Jesus’ identification with life’s hardest experiences reached an apex on the cross. He took the place of every sinner who merits God’s judgment — judgment the all-loving Heavenly Father was willing to pay any price to avoid. Christ was purchasing with His blood not only renewed relationship with His Father, but eternal fellowship with Him beyond this life.
Jesus’ resurrection validated His mission on the cross. If death had defeated Him, all His suffering would have been for nothing. But following His crucifixion, visitors to His tomb encountered another heavenly messenger.
“The angel said to the women, ‘Do not be afraid, for I know that you are looking for Jesus, who was crucified. He is not here; he has risen, just as he said” (Matthew 28:5,6, NIV).
Message on a hillside
On a spring day, 40 days after the Passover during which Jesus was executed, He returned to heaven in full view of His followers.
The crowd may have been as large as 500 people, if this was the event of which the apostle Paul wrote in 1 Corinthians 15:6. Luke described the day in the opening verses of Acts. He mentioned the Mount of Olives on the outskirts of Jerusalem as the site of Jesus’ ascension.
One moment, Jesus was speaking to them with the intimate familiarity they had grown accustomed to during His earthly life. The next, He was rising into the sky. Yet again, heaven-dispatched messengers put the event into context.
“They were looking intently up into the sky as he was going, when suddenly two men dressed in white stood beside them. ‘Men of Galilee,’ they said, ‘why do you stand here looking into the sky? This same Jesus, who has been taken from you into heaven, will come back in the same way you have seen him go into heaven’ ” (Acts 1:10,11).
Message from the Messiah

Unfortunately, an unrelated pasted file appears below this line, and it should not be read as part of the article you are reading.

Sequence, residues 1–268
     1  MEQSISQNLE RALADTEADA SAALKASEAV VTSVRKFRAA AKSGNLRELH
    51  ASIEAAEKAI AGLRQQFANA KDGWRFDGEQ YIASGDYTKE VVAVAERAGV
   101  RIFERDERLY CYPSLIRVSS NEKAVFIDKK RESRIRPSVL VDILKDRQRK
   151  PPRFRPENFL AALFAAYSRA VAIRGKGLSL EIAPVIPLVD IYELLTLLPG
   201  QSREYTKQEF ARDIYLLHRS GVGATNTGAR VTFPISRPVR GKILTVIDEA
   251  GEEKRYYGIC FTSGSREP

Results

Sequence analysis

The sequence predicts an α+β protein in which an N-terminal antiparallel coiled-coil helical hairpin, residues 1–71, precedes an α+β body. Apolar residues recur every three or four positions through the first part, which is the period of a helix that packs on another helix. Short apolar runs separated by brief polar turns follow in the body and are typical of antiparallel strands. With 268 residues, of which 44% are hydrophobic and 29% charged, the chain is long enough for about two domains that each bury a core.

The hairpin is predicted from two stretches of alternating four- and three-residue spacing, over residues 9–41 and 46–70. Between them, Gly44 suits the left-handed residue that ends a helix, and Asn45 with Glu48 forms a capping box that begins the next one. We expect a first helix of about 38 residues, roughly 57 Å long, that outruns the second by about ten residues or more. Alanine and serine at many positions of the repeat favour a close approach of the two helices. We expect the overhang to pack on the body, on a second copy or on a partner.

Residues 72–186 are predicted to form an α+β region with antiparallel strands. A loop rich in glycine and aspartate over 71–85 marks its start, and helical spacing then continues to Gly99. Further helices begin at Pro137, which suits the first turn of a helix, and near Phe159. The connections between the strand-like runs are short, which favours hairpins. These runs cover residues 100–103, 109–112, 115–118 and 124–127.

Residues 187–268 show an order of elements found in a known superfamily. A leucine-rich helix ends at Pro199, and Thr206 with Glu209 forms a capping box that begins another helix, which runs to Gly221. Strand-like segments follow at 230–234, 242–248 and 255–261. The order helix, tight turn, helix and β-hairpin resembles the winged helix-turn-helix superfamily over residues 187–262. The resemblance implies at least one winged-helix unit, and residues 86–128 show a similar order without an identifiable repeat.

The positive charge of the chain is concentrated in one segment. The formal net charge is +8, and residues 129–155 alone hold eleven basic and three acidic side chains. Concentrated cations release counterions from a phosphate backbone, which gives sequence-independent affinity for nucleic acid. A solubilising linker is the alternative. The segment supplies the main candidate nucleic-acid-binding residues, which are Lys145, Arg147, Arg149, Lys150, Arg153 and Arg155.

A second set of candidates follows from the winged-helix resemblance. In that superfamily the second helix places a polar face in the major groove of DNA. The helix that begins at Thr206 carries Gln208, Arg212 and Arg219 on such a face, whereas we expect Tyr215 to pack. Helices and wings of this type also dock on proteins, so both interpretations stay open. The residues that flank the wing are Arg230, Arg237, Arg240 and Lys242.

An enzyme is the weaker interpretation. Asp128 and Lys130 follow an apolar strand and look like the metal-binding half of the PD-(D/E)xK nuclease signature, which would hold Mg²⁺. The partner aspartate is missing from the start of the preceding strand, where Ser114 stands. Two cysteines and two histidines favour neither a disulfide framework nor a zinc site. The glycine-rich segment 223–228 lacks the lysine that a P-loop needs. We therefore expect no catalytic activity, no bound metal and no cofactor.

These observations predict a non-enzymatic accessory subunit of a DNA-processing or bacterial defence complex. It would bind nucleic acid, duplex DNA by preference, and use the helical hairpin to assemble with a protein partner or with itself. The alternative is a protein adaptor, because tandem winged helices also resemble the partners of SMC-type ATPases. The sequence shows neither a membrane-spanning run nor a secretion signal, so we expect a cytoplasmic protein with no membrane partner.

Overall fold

Taken together, the three angelic announcements call out to us this Christmas to reflect again on the past, but to keep our focus on the future.
Every nativity scene reminds us of the manger’s simple embodiment of God’s love for all mankind. “Ye shall find the babe wrapped in swaddling clothes, lying in a manger,” the angels told the shepherds (Luke 2:12, KJV).
The empty tomb gives silent testimony to a risen Savior who completed His mission of redemption. “Go quickly and tell his disciples: ‘He has risen from the dead,’ ” the angel told the women who visited Christ’s tomb (Matthew 28:7, NIV).
“This same Jesus, who has been taken from you into heaven, will come back,” the white-robed heralds told the believers gathered on the Mount of Olives.
Jesus himself has endorsed that promise. “Behold, I am coming soon!” He announced in the closing verses of Revelation. “My reward is with me.”
Christ’s message is aimed at each of us this Christmas Day. He would ask us how we have responded to the manger and the empty tomb. He would ask us if we are ready to meet Him when He returns.
And each of us, this Christmas, would be wise to consider our answer.
Scott Harrup is associate editor of Today’s Pentecostal Evangel.